by Kimberly Allen R.N.
Panic disorder, a member of the family of anxiety disorders, is a condition in which a person has regular, recurring panic attacks. Panic attacks occur when you are over come by sudden feelings of intense fear or terror. In the US panic attacks are a serious health issue with approximately 60 million people suffering from them.
Approximately 3 million people have full blown panic disorder. women are affected twice as often as men. However, in children that suffer from panic disorder it affects boys and girls equally. The average age of onset for a person to start experiencing panic attack is 15-19 years of age.
the exact cause of panic disorder is unknown, however scientists believe that genetics may play a role in determining who develops the disorder. Some Drs feel that there are other factors that can lead to panic disorder including major stress events, like the death of a loved one, or changes in the way certain parts of the brain functions. There is also research that indicates our body’s natural fight or flight response that kicks in when we’re in danger is also involved during a panic attack. However, they don’t know why panic attacks occur when there is no apparent danger present.
Drs believe that there are certain risk factors that increase a persons chances of developing panic disorder including family history of either panic attacks or panic disorder as well as a history of physical or sexual abuse during childhood. Other factors that can affect a persons chances of developing panic disorder are a high stress lifestyle or high stress events like the death of a loved one or the addition of a new baby. Traumatic events like a serious accident, getting robbed or mugged as well as sexual assault can lead to panic disorder.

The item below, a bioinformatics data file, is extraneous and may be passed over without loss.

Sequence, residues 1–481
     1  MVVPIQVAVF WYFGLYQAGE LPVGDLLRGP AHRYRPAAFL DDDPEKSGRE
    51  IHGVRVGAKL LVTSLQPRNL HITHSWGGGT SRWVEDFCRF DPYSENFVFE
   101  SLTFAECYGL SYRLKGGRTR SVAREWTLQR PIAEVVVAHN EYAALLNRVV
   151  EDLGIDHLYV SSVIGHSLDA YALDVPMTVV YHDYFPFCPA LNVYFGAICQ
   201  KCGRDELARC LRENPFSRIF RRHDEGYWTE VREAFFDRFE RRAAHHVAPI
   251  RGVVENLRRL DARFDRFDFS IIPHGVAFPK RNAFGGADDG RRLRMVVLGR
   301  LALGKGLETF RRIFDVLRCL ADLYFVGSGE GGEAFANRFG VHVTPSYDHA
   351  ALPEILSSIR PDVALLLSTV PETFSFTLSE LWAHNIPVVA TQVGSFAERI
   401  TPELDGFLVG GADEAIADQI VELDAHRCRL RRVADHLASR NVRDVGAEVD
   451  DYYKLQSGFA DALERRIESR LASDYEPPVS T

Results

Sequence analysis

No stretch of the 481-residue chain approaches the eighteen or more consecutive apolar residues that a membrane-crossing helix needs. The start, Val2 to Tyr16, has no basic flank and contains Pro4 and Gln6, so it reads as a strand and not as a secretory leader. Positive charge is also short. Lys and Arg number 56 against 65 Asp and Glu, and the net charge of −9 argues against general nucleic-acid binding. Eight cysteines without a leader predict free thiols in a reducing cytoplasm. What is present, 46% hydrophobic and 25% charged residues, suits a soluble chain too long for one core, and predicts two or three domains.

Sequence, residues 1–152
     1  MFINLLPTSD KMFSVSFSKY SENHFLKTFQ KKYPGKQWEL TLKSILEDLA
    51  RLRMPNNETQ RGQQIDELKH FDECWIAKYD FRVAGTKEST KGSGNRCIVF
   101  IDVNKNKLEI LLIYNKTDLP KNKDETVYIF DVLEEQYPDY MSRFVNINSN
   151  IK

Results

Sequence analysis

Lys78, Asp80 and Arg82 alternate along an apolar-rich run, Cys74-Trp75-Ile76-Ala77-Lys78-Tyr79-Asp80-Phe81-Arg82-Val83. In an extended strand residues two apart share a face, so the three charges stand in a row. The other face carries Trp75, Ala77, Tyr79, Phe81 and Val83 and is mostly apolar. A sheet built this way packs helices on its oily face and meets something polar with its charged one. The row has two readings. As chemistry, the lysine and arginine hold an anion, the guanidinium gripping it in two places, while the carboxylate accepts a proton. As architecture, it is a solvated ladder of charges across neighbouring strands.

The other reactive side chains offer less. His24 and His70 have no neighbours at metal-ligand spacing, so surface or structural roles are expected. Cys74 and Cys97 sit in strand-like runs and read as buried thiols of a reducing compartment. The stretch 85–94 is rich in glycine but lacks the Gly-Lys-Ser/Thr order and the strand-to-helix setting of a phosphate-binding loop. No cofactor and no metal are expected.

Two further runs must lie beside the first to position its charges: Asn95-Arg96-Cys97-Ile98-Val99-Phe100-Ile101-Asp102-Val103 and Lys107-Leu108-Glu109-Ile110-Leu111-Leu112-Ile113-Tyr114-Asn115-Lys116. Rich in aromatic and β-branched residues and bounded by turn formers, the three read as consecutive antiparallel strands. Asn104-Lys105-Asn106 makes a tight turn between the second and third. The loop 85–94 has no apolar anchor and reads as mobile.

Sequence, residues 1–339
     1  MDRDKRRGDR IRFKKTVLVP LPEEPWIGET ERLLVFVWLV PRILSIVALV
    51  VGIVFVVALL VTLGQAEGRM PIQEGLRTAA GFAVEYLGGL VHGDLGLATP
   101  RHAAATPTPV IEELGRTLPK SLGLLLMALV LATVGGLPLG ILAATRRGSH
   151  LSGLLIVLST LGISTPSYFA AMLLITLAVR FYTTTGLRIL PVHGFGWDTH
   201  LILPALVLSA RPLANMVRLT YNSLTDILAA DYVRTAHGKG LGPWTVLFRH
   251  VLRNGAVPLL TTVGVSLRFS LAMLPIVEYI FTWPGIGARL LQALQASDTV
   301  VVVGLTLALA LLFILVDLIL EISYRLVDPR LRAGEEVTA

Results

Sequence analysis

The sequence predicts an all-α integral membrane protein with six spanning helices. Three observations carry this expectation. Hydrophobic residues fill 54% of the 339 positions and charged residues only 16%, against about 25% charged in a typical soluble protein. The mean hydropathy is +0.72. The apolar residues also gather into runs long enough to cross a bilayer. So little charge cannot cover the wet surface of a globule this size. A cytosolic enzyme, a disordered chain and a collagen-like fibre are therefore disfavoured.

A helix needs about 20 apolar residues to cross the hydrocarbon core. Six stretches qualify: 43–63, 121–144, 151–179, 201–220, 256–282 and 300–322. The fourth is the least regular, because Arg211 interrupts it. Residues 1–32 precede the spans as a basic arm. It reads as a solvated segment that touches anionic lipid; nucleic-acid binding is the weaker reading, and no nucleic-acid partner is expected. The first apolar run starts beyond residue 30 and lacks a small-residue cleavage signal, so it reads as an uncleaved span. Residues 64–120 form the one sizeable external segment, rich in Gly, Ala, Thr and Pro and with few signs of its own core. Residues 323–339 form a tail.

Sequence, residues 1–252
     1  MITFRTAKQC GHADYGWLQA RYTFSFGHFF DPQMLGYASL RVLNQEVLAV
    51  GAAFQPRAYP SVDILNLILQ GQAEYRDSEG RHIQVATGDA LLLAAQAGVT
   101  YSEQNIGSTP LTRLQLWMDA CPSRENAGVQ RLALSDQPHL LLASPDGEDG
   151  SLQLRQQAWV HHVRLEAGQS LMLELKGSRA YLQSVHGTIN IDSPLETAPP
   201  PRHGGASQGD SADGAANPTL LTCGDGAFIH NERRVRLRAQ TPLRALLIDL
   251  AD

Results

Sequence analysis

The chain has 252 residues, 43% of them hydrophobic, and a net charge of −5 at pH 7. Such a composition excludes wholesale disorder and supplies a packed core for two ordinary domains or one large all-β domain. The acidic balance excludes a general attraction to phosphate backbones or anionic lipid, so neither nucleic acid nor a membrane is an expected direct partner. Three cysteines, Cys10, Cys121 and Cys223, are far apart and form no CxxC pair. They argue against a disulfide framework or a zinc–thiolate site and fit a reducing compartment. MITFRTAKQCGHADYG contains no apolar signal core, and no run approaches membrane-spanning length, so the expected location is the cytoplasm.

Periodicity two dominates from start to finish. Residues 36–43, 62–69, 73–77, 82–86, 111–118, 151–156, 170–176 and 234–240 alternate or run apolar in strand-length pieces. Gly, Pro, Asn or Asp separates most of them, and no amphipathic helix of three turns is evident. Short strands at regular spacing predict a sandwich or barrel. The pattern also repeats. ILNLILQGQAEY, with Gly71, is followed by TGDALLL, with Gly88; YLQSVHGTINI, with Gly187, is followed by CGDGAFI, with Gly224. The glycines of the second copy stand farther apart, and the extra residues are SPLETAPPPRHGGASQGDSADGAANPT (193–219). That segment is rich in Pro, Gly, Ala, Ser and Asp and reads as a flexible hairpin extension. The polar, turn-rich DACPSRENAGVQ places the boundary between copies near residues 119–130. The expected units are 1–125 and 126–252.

Panic attacks are usually sudden, striking without warning. They can occur at anytime, anywhere including while you’re driving your car down the road, they can even occur when you’re asleep. panic attacks usually last from 10-15 minutes leaving you feeling drained and exhausted. Not everyone experiences the smae symptoms during a panic attack, however many describe feeling like they are having a “heart attack”. Symptoms that you may experience include a rapid or “racing” heart beat, difficulty breathing, pressure or pain in your chest as well as hyperventilating. Some people become dizzy and feel faint, others complain of nausea, sweaty palms and hot flashes. The one thing all people having panic attacks experience is intense fear, then once the attack subsides many develop an intense fear of having another attack so much so that they begin to avoid any and all situations that may cause an attack. Some people become so fearful of having a panic attack that they are afraid to leave their home.
The most effect treatment currently available is a combination of psychotherapy and medications. The main goal of treatment is to eliminate all of the panic attack symptoms. The type of treatment your Dr recommends depends on your history and the severity and frequency of the panic attacks as well as your personal preference.
There isn’t anyway to prevent panic attacks however, there some things you can do to limit them including seeking treatment and following the treatment plan laid out by your Dr and exercise. Regular exercise can help you manage stress and anxiety before they turn into panic disorder. Nutrition also always plays a role in how well our body’s function so eating a diet high in nutritional value and low in fats and refined sugars can only benefit you.
Kimberly Allen is a registered nurse with an AND in nursing. She has worked in ACF, LCF and psychiatric facilities, although she spent most of her career as a home health expert. She is now a regular contributor to HealthAndFitnessTalk.com, dispensing advice and knowledge about medical issues and questions. You can reach her with any comments or questions at firstname.lastname@example.org.